We knew we needed plant starts and we wanted to learn the whole process, so we kicked off with some seed germination. As green shoots popped through the loose potting mix, we knew it was time to prepare the crop rows, both in the back field and the greenhouse near the house. But, Holy Basil! We were in for a shock. The greenhouse hadn’t been used for years, so the soil had mineralized and the watering system for the row crop field had been shredded by a tractor, and long since grown over with weedy grasses. All while the farm tools, kindly left behind by the previous owners, were mostly rusted or busted. Our dreams were decimated and our game was gone, before we’d really begun. Fail! Panic! Chaos!
What to do? We busted out the measuring tape, calculators, and graph paper, and we measured the areas of the field and the greenhouse to make rough estimates of the resources we’d need and to get things into working order. That would just about break the bank. So what now?
Well, in 2012, I’d seen a friend’s Facebook post about some foodie thing called a Garden Tower. Being a bit of a local food freak, I helped back the project and got a Garden Tower 1 for myself, and one for my parents. I’d grown some greens and some herbs in it before, but I was kind of lazy and didn’t put much thought into it at the time. But now when conventional food-growing infrastructure was out of reach, despite going all-in on the homestead, what was this thing I had sitting in the carport and what could it really do? Could it grow the food that I needed?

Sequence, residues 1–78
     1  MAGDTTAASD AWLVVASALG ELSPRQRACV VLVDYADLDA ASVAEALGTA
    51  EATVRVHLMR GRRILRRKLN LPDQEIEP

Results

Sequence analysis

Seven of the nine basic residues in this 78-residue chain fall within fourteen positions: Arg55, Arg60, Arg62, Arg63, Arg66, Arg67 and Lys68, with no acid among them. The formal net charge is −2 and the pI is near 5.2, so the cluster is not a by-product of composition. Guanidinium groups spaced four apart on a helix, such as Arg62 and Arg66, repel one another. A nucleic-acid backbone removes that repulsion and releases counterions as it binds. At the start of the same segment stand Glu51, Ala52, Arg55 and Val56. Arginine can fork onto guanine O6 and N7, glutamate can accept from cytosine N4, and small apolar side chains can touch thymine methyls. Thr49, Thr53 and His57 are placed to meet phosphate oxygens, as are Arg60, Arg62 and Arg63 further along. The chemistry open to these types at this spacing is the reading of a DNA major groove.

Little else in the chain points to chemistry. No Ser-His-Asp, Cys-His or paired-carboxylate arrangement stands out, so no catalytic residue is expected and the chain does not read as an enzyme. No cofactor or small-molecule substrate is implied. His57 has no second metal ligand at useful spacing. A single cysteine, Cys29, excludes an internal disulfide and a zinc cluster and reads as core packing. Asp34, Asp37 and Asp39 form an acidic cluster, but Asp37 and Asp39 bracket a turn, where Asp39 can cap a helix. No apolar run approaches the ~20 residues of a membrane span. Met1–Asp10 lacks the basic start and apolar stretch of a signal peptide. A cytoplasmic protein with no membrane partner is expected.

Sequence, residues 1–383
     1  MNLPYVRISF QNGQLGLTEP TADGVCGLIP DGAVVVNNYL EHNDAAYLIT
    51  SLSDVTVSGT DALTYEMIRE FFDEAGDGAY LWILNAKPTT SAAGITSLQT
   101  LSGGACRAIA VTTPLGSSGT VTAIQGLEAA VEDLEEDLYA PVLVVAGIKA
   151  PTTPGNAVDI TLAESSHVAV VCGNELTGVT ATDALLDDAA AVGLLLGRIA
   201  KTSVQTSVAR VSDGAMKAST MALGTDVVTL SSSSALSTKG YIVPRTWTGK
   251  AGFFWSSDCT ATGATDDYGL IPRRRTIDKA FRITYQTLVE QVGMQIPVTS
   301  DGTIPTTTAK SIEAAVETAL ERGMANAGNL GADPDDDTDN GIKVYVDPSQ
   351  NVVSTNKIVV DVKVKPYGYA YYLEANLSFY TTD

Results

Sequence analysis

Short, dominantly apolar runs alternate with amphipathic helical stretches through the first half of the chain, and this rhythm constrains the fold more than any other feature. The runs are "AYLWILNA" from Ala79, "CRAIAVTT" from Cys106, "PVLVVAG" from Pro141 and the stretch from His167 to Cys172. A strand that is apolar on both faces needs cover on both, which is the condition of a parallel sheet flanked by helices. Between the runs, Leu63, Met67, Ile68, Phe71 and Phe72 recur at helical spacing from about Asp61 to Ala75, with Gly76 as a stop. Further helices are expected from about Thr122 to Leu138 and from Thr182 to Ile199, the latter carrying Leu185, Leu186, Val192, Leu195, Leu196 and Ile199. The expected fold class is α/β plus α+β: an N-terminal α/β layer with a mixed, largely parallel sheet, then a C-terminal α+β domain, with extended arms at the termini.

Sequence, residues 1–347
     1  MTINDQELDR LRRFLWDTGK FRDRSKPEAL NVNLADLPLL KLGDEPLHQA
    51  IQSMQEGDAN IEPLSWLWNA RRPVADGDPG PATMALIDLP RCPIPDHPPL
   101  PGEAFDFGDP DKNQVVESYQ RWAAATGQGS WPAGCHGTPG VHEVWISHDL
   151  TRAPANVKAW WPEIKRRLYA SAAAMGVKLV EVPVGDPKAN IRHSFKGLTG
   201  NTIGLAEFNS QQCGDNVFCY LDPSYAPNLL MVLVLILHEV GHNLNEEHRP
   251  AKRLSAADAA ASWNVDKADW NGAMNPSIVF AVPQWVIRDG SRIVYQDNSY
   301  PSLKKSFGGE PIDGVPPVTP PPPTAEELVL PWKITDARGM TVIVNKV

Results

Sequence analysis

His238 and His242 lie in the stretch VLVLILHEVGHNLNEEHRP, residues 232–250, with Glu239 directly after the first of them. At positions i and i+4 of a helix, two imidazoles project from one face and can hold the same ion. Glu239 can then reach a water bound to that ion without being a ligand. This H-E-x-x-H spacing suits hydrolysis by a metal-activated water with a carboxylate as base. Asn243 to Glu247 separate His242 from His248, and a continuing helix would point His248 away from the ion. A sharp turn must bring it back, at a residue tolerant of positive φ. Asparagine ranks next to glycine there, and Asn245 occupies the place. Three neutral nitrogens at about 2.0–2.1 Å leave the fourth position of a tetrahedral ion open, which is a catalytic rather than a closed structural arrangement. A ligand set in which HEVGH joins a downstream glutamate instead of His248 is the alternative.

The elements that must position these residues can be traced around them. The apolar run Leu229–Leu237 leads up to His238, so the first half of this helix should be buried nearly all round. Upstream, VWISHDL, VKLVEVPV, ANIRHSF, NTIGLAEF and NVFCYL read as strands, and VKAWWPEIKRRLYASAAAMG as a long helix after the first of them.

Since I live in Bloomington, Indiana, the birthplace of the Garden Tower, for years I’ve been hearing stories from friends and neighbors that their Garden Towers are great food-growing planters. Growing 50 plants in 4 square feet sounds pretty darn convenient (way more than I had tried before) and lots of folks tell me they’re making their money back, in fresh food cost-cutting. So, as a world-aware scientist and community autonomy advocate, what am I to do? Test! Study! Experiment!
After talking it through with Andrea, we contacted the Garden Tower Project, to see if they had a bulk discount or something, but when we told them our story, it seemed that serendipity was at work. They were looking for a third party to independently test their new towers. Here we were, two scientists-turned-farmers wanting to test out some new food growing infrastructure! It was a win-win: Garden Tower Project would donate some Garden Tower 2™s, if we would agree to share all the data from our experiments. Hence, we got 6 Garden Tower 2™s and the first adventures of Fable Farms Indiana (the name we gave our homestead) truly began: 2 towers for 100 veggies, 2 towers for 100 artisanal herbs, and 2 towers for 100 of those irresistible summer-strawberries. We’ll be measuring all the produce that comes off of them, right down to the gram!
And thus, our Food Freedom Experiment was born, and Fable Farms Indiana got a fresh start.
I can’t pretend to know what’s next, but I can promise to let you know how it goes. I’m no Garden Tower expert, so if you’re just starting out, like me, we’re bound to make some similar mistakes and learn some lessons together. And for you folks who are still deciding whether or not to take the Garden Tower plunge, I hope the data from my experiment can be useful to you. If the rumors are true, we’ll be rolling in produce and cutting back our grocery bill.
Who can say for sure? All I know right now is that my towers are off to a good start: blooming with greens and herbs and berries. But I’m also hunting down cabbage beetles on my kales, deterring berry-stealin’ deer, bushing out the bolting basils, and navigating local nurseries to be sure I keep our towers full, budding, and blooming, now and for months to come!
So if you want to see what a Garden Tower 2™ can do in the hands of an amateur homesteader, then join me on the great adventure of my Food Freedom Experiment!